International Journal of Hematology

, Volume 93, Issue 2, pp 144–149 | Cite as

Ribosome defects in disorders of erythropoiesis

  • Anupama Narla
  • Slater N. Hurst
  • Benjamin L. EbertEmail author
Progress in Hematology Seven wonders of erythropoiesis


Over the past decade, genetic lesions that cause ribosome dysfunction have been identified in both congenital and acquired human disorders. These discoveries have established a new category of disorders, known as ribosomopathies, in which the primary pathophysiology is related to impaired ribosome function. The protoptypical disorders are Diamond–Blackfan anemia, a congenital bone marrow failure syndrome, and the 5q- syndrome, a subtype of myelodysplastic syndrome. In both of these disorders, impaired ribosome function causes a severe macrocytic anemia. In this review, we will discuss the evidence that defects in ribosomal biogenesis cause the hematologic phenotype of Diamond–Blackfan anemia and the 5q- syndrome. We will also explore the potential mechanisms by which a ribosomal defect, which would be expected to have widespread consequences, may lead to specific defects in erythropoiesis.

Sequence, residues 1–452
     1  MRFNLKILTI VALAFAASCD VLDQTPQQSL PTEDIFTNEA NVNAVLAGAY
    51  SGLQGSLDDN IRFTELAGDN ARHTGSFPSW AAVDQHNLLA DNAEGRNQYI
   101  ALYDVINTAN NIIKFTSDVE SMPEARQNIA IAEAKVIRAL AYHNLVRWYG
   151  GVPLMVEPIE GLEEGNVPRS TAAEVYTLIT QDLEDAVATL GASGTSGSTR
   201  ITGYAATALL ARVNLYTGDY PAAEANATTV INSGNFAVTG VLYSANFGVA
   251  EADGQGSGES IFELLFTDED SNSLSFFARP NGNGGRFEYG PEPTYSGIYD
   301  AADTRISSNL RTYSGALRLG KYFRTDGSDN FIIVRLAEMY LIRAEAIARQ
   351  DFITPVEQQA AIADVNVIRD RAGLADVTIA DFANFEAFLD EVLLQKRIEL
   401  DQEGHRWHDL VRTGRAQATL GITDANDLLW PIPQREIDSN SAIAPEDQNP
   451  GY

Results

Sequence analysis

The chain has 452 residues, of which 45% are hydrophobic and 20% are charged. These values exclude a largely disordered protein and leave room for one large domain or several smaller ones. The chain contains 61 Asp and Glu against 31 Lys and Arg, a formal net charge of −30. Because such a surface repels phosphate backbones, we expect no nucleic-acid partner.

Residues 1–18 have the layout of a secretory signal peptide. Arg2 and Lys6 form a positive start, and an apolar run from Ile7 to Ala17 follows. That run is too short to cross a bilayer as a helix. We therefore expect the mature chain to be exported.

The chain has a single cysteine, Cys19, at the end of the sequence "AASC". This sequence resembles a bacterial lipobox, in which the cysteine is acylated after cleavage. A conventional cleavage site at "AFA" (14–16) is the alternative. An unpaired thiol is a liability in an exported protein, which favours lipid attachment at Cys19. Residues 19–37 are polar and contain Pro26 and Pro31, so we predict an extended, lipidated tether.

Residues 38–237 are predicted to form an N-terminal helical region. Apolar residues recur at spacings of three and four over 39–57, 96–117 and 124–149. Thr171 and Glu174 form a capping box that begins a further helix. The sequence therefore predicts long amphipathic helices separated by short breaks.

Myelodysplastic syndrome Diamond–Blackfan anemia p53 


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Copyright information

© The Japanese Society of Hematology 2011

Authors and Affiliations

  • Anupama Narla
    • 1
    • 2
    • 3
  • Slater N. Hurst
    • 2
  • Benjamin L. Ebert
    • 1
    • 2
    • 4
  1. 1.Dana-Farber Cancer InstituteHarvard Medical SchoolBostonUSA
  2. 2.Department of Medicine, Brigham and Women’s HospitalHarvard Medical SchoolBostonUSA
  3. 3.Department of MedicineChildren’s Hospital BostonBostonUSA
  4. 4.Harvard Stem Cell InstituteCambridgeUSA

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